Printing in Paradise: The Story of Early Printing in Hawai‘i (and Why Massachusetts Matters)

Hawai‘i is closer to Massachusetts than you may think. Discover how the Bay State became a hotbed of early Hawaiian printing with the American Antiquarian Society’s curator of books, Elizabeth Watts Pope. She will show treasures from the AAS research library to illustrate the little-known but fascinating history of the earliest printing on the Hawaiian Island and its Massachusetts connections.

The story begins almost two hundred years ago when a book was one of the direct causes that prompted missionaries (both Native Hawaiians and U.S. citizens) to sail from Boston to Hawai‘i, bringing with them a second-hand printing press. Learn why it took nearly two years to start printing. Puzzle over why the U.S. missionaries unanimously voted to “cast out of the alphabet” the letters ‘B’ and ‘D’ in the Hawaiian language. Marvel at an 1838 copperplate engraving of Holden, Massachusetts, done by an almost entirely self-taught native Hawaiian engraver who had never left the islands. Finally, find out why so much of the earliest Hawaiian printing ended up in Worcester.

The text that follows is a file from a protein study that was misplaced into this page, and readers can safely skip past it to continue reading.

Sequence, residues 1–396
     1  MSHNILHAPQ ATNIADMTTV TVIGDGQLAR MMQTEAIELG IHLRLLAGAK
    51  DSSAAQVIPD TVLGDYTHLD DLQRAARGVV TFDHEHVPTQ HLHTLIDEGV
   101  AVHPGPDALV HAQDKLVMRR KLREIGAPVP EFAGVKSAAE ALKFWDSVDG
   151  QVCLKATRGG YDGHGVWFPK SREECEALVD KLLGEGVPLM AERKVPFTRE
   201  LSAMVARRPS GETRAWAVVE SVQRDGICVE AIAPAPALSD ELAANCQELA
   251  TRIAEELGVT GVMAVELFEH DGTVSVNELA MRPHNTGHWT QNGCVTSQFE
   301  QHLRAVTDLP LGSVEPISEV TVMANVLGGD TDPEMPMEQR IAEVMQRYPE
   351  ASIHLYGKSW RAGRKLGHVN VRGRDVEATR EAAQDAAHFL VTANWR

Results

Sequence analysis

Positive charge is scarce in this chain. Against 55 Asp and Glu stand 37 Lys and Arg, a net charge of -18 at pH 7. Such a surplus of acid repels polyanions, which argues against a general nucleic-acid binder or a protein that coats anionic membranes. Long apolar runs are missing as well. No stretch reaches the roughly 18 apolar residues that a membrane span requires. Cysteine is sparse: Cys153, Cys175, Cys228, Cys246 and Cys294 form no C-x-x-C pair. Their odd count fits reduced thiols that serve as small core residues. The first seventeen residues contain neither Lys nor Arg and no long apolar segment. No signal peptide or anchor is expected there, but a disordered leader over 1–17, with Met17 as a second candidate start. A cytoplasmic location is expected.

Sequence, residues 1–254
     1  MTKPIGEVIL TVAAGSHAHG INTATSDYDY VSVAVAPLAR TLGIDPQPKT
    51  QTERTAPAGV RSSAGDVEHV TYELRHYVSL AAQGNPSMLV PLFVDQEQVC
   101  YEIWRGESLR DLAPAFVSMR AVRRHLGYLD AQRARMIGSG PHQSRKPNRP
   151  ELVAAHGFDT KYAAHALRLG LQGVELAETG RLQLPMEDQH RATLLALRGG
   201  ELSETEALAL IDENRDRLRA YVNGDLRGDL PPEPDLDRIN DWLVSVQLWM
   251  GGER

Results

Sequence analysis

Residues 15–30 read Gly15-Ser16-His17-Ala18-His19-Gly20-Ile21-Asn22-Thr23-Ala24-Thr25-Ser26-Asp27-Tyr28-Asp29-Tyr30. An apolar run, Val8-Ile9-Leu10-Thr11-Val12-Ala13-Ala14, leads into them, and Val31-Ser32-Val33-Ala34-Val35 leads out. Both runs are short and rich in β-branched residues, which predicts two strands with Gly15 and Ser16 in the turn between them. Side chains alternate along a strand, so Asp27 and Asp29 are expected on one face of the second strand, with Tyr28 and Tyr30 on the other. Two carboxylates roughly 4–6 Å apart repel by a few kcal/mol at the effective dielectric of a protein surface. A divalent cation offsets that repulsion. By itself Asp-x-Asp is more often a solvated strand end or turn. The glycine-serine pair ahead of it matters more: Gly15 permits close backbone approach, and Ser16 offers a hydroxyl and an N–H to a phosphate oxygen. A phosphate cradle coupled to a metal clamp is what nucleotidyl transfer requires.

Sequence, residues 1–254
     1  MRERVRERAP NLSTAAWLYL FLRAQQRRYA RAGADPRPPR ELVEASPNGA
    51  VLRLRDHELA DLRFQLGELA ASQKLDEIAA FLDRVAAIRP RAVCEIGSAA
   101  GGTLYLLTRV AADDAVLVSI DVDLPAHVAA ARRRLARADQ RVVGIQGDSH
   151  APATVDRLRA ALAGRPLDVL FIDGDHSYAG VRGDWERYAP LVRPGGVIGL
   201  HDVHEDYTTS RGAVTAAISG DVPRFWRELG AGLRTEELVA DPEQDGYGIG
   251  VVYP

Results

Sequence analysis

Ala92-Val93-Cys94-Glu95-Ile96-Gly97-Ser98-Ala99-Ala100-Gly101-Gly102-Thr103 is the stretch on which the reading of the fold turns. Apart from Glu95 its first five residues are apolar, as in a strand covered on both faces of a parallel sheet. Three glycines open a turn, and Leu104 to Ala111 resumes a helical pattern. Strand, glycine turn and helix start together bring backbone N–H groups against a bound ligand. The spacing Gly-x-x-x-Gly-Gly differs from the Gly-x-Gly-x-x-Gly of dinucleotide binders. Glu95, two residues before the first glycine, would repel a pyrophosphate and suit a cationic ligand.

Elizabeth Watts Pope is the curator of books at the American Antiquarian Society, a national research library in Worcester, Massachusetts, that supports the study of early American history, literature, and culture through 1876. She has an M.A. in History from the University of Connecticut where she studied early American book history and worked in the archives. Her most recent presentations of her work on early Hawaiian printing were at academic conferences in Philadelphia and Paris. Perhaps the next presentation will be in Hawai‘i?

Join us November 9th at Skinner Boston
5:30 PM reception
6:00 PM lecture

One thought on “Printing in Paradise: The Story of Early Printing in Hawai‘i (and Why Massachusetts Matters)

  1. Hi,

    I arrive in Boston on the 10th so will not be able to attend. I have an old Hawaiian Hymnal that would have loved to bring with me. The topic would be a great learning curve.

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